Types of Goods and Producers
Regulating Transnational Companies: 46 Proposals
China: Sustainable Development Strategy Report 2009
Transforming Capitalism: the Triple Crisis
Forging a World of Liberty under Law: US National Security in the Twenty-first Century
Dictionary of World Power
Rethinking Global Governance
The New Republic Will be Democratic and Socially Oriented
The Armed Forces and World Governance
FASE’s Commitment to a Sustainable and Democratic Amazonia
Net Neutrality as Global Principle for Internet Governance
Non-state Actors and World Governance
Beyond the Growth Paradigm: Creating a Unified Progressive Politics
The Extraterritorial Scope of the International Covenant on Economic, Social and Cultural Rights (ICESCR)
Choosing between Two Evils or Rethinking Armed Interventionism
Military Ethics for a Better World
"Negative Growth": Rebirth of a Revolutionary Concept
The IMF, the World Bank, and Respect of Human Rights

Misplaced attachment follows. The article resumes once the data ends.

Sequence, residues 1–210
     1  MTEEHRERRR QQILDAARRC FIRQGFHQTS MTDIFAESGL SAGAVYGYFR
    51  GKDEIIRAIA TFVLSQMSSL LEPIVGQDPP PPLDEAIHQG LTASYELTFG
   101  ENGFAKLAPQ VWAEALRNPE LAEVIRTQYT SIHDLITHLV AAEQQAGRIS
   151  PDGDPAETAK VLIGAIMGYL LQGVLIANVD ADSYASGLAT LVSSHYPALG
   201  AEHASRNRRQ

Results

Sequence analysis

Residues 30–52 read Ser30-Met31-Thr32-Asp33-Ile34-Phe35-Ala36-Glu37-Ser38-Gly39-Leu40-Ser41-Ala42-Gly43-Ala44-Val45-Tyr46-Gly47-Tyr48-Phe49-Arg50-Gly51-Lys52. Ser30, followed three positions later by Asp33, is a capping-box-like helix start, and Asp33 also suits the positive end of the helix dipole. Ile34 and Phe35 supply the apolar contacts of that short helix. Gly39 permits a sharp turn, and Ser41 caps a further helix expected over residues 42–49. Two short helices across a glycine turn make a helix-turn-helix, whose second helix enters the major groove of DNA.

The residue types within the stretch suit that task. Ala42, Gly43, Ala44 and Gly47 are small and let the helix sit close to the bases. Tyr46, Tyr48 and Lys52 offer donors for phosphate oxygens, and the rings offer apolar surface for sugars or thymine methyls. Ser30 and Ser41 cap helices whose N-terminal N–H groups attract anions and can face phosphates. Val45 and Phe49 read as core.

The UN and World Governance
Over the last two years, the right to water has received considerable attention both within the United Nations human rights system as well as within the work of non-governmental organizations. On the whole, the debate surrounding the content of obligations derived from the right to water is still in its early stages. Nevertheless, important progress has been made.
The committee on economic, social, and cultural (ESC) rights derives the right to water as much from the right to food as from the right to health. The normative content of the rights is described by several elements: the right to water primarily encompasses the right to access of every person to a system of water and to protection against interference through disconnection of water supplies. Available water should not be contaminated. Every person has the right to a functioning water system. Water systems and facilities should be organized and managed to ensure that access to water is guaranteed to be continuous. According to the committee on ESC rights, access to water refers to water that each person needs for personal and domestic use.
This article traces the development of this debate in four steps. Part one briefly introduces water as an issue in international law. Part two introduces the current interpretation of the right to water as a human right, according to a General Comment on the Right to Water, adopted by the United Nations Committee on Economic, Social and Cultural Rights (CESCR). In part three, the work of FIAN-International on this issue is presented.